Nadiya Chettiar is very good at what she does. Originally an actress, she transitioned to writing for television, and now, she is nominated for a Leo Award.
The Leo Awards, which celebrate and promote the achievements of the British Columbia film and television industry, will take place on May 28, and June 4th and 5th in Vancouver, where Chettiar resides.
“It is super exciting and totally an honour,” said Chettiar, describing how it feels to be nominated. “It’s a privilege to work in this field and be nominated. I feel really grateful.”
Chettiar is nominated under the Best Screenwriting in a Youth of Children’s Program or Series category her work on the sitcom Some Assembly Required, which she worked on for three seasons. The program was the first writing job Chettiar worked on after transitioning from acting, and her talents were immediately recognized. She describes the experience as one of the best of her life.
“Some Assembly Required was one of my first jobs and I was lucky enough to climb the ranks. All the writers became familiar with each other,” she described. “When we came to work at that show, we knew what to expect and who was going to be there. You really felt comfortable. I got to work with some super talented and very, very funny people. I got to spend hours just getting to be in this environment where we were just discussing stories and jokes, lending ours brains exclusively to those two things. It was a dream.”
Chettiar was definitely right about getting to work with some very talented and funny people while writing Some Assembly Required. One of which was the co-creator of the sitcom, Dan Signer. Signer also created YTV’s Mr. Young and Disney’s A.N.T. Farm.
“Nadiya was a great addition to the writers’ room. She has strong opinions but is easy-going and a pleasure to work with. The perfect combination,” said Signer. “Nadiya has a unique point of view that comes through in her writing and she is always pushing herself to make her scripts better and better.”
The series, which originally premiered on YTV, is also a Netflix Original. Chettiar, who grew up in the small town of Grand Falls, New Brunswick, has evidently come a long way.
“Growing up in a small town, I was bored a lot. My dad was a technophile and we had one of those big, white satellite dishes in the 80s,” she described. “Most people only had 13 channels back then but we had a lot more. I watched a lot of TV. There weren’t really kid shows back then, it was mostly sitcoms. So, we watched a lot of sitcoms.”
Chettiar has had her love for television since she was a child, but her love for writing began when she moved from Toronto to Vancouver, which was around the time of the infamous writer’s strike.
“Everything had slowed down. There weren’t a lot of acting opportunities in Vancouver at the time,” she said. “I started writing a little thing that I thought would be a radio play, but it came kind of naturally. I realized through doing that out of boredom that I actually wanted to write. Very quickly the next thought was: ‘and I want to write sitcom.’”
Chettiar is gifted. Switching from acting to writing came very naturally for her. After being an established actress with ample amounts of training, she was able to use that when it came to writing.
“In my acting career I discovered playing characters. I wasn’t being cast as the girl next door or anyone like myself. You are tapping into someone else or some other frequency when you perform like that. That is the same as writing,” she explained. “It’s a frequency in your brain and you start listening to these other people talking, not to sound crazy. From writing not only do I get to hear the voices and play the voices, but I get to explore my own ideas and how these characters behave. And I like writing jokes because it satisfying to make myself laugh, of course if anyone else laughs that is good too.”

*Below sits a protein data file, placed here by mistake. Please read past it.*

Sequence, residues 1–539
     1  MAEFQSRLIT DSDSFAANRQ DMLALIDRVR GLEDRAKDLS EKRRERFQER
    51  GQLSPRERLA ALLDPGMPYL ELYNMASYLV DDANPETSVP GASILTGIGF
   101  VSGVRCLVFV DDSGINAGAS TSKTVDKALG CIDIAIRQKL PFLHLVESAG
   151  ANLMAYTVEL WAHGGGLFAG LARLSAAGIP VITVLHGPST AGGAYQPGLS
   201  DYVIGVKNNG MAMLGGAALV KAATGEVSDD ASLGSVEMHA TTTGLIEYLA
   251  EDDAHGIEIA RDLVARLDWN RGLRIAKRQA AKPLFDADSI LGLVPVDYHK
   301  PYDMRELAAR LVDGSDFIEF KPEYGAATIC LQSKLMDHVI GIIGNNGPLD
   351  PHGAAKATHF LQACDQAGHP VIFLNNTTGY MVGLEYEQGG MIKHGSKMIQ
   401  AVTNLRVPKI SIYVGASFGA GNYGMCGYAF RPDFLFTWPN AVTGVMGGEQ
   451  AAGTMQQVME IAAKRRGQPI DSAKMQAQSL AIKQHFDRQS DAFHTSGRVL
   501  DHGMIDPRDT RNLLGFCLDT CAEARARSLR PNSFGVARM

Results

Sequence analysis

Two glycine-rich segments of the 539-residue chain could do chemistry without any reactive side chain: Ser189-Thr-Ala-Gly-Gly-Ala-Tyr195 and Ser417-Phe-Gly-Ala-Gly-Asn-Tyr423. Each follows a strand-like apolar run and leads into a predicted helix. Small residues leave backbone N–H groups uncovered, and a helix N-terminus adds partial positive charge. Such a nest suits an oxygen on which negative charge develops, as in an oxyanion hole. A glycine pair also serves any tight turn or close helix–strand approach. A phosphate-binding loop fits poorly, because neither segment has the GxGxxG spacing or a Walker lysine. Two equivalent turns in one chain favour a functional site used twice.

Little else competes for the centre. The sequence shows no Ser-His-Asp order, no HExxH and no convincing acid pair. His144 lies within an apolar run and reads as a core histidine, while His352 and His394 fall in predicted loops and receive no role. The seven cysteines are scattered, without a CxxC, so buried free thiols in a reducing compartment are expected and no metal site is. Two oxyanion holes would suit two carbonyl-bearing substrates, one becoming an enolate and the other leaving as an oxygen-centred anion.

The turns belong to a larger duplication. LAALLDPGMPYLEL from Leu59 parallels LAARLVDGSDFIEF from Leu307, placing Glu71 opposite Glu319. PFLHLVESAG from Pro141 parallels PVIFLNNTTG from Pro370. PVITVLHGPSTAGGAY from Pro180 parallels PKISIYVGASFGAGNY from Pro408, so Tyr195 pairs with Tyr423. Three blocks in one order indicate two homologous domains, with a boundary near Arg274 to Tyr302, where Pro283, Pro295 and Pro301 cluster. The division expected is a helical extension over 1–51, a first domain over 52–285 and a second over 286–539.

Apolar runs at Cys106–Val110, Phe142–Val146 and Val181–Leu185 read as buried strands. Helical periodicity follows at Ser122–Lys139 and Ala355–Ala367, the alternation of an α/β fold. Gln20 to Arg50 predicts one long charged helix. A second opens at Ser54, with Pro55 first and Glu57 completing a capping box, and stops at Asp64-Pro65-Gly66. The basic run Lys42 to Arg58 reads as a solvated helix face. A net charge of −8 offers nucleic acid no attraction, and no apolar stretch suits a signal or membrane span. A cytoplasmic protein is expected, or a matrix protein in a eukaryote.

Chettiar is good at making people laugh. She also worked on the sitcom Package Deal. Unlike Some Assembly Required, Package Deal was a cast of adults, which allowed for a different type of writing. She worked closely with Andrew Orenstein, who worked on hit sitcoms such as Third Rock from the Sun, Malcolm in the Middle, and Chris Rock’s Everybody Hates Chris.
“Package Deal shot in front of a live studio audience. We got to rewrite on our feet and pitch new jokes between takes and let the audience decide what worked. It was so much fun and immediately rewarding,” she said.
Chettiar liked filming in front of a live audience and being able to hear their laughter at what she had written.
“When people would laugh I would think ‘Oh, I can write a funny joke.’ That was a really special experience for me,” she said.
Chettiar understands writing. It was something she was born to do, and she understands the challenges.
“The thing with writing is you have to develop a practice with your it, like a painter,” she said. “And that requires discipline.”
She also understands the appeal.
“I don’t have to get up in front of anyone to write. That was the hard part about acting for me. You needed an audience to do your thing. I like to work. And I couldn’t always as an actor. Now, I can wake up and start working in bed. That is so satisfying to me,” she said, while laughing.
Chettiar has a promising career in front of her. She soon starts work on the new sitcom Working Moms, and although she believes every writer one day wants to have their own show, right now she is happy having the opportunity to learn from so many talented writers.
“I am drawn to really great jokes mixed with really great authentic story. I am drawn to shows like Girls, Togetherness, shows that are trying to share authentic experiences in a humorous light. That’s what is really turning my crank, so to speak. I could shut my eyes and listen to an episode of Veep. It’s like music to my ears,” she said. “But then again closing my eyes means I wouldn’t get to look at Julia Louis-Dreyfus.”